Five hours on a Mugunghwa – and four dirty secrets to train traveling




This is what I get for not planning ahead. Buddha’s Birthday is one of the few three-day weekends Korea gets to celebrate, and it seems everyone wants to celebrate it by traveling out of town. I can’t blame them – certainly I wasn’t the first with the idea – but Korea’s usually excellent train and bus system was sold out. The whole system, it seems. Every bus to Tongyeong. Most trains to Busan. Locals often book their tickets way ahead of time, ensuring their seat on a sold-out train; foreigners living in Korea typically need to show up to purchase a ticket. Thankfully tickets can be bought for future dates; even 24 hours in advance can make a world of difference. Speaking a little Korean to get the day and time right (or working with a calendar) is important.

I could go on with the wonders of planning ahead during holiday weekends or prime vacation times, but instead let’s talk about the here and now. I’m sitting on the floor of a Mugunghwa (a third-class train), drinking a Coke and looking up at five ajosshis (literally, married man) rather envious of my spot. That’s why I’m sitting down furiously typing on my laptop. It’s a weird little bit of schadenfreude when even the locals wearing suits swilling Hite are part of the ‘standing-room, sitting-on-the-floor’ crowd. At least not everyone plans ahead. If you’re one of the last ones on, the space between the cars isn’t exactly desirable, but it works if there’s nothing else available. Pop in your earplugs, as it’s a bit louder.

While walking around a crowded train isn’t recommended, it’s definitely a good idea to stretch your legs every so often. Ask your traveling partner to hold your spot, or put your bag where your rear was. Buy a drink or snack. Give that toy you picked up along the trip to the crying kid – the entire car will thank you. Make friends – you may not be able to communicate much, but the intentions are clearer.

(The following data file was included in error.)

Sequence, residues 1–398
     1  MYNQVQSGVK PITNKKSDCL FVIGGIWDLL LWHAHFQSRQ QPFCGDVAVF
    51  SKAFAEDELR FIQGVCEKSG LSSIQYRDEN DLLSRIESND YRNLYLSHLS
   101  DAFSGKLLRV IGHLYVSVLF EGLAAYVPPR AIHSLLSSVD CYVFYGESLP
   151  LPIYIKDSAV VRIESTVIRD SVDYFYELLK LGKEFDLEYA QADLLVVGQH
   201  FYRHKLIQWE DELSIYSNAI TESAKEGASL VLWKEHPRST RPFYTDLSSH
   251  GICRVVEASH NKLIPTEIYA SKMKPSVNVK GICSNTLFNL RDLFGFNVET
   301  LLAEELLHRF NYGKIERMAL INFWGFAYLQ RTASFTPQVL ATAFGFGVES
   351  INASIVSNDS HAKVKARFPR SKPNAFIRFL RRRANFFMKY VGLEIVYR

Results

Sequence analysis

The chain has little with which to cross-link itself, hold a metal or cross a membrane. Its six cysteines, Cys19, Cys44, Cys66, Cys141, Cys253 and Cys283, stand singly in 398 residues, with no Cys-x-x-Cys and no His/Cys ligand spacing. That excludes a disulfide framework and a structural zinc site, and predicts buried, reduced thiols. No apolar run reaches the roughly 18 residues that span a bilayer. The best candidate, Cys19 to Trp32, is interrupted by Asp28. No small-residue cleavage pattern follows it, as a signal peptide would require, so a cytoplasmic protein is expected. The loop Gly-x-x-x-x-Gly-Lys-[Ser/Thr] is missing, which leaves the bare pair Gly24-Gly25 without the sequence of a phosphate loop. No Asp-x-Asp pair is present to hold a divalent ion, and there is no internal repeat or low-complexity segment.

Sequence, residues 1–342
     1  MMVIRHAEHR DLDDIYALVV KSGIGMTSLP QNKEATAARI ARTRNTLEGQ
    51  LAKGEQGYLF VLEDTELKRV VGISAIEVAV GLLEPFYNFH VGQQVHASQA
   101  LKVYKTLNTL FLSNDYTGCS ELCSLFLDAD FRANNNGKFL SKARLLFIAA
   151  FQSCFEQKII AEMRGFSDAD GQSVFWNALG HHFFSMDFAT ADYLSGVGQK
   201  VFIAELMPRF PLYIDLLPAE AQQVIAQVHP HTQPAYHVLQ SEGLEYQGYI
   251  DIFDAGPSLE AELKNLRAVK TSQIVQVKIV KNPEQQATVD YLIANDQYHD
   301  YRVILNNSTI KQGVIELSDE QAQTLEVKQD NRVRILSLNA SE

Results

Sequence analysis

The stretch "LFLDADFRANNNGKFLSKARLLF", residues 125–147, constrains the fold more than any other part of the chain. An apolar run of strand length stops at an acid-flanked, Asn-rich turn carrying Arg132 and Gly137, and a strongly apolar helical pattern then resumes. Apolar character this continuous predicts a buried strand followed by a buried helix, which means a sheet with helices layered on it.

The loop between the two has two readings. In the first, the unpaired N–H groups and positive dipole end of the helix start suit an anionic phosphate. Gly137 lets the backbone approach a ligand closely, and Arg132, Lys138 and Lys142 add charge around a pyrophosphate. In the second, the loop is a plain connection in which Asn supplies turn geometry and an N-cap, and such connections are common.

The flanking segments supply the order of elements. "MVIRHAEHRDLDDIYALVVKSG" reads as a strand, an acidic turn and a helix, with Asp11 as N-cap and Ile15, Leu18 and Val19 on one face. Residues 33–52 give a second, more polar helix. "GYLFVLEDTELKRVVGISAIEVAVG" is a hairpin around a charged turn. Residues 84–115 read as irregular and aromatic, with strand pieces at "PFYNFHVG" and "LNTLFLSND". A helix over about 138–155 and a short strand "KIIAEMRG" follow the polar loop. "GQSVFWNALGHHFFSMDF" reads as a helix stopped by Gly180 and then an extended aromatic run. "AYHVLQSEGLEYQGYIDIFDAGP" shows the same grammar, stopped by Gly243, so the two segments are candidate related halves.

DIRTY SECRET #1 – Tickets from the ticketing machines will sell you standing room only tickets – but sometimes you won’t find that out until the ticket is printed. If the ticket seems unusually cheap, see if the screen says 입석, (standing room or unreserved seat) anywhere.

DIRTY SECRET #2: You won’t be sold a handicapped seat from an automated ticket machine. With that said, some train cars have two seats and/or room for two wheelchairs – excellent places to grab some real estate if you have a standing-room-only ticket. It goes without saying that a truly handicapped person should never be hindered from their rightful seat. Stay classy, people.

DIRTY SECRET #3: If traveling on a standing room ticket, any seat that’s available is yours – until / unless the ticket holder shows up. The locals know this, and as such will aggressively push to claim empty seats as they do on the subway. Even if they have the same standing-room ticket as yours, a few people will ‘claim’ to have the seat – ask to see their ticket, then apologize if you’re in their space. Otherwise, stand your ground.

DIRTY SECRET #4: Making a trip to Seoul but the trains are sold out? Look beyond the main train stations (Seoul Station or Yongsan) and try Haengsin (northern Seoul, connected to line 6), Yeongdeungpo (western Seoul, connected to line 1) Cheongnyangni (eastern Seoul, connected to line 1), Suwon (south of Seoul, connected to line 1), or even Cheonan (even further south of Seoul, connected to line 1). It may be a bit further away from your destination, but it’ll get you back to the Seoul area even the rest of the trains are full.

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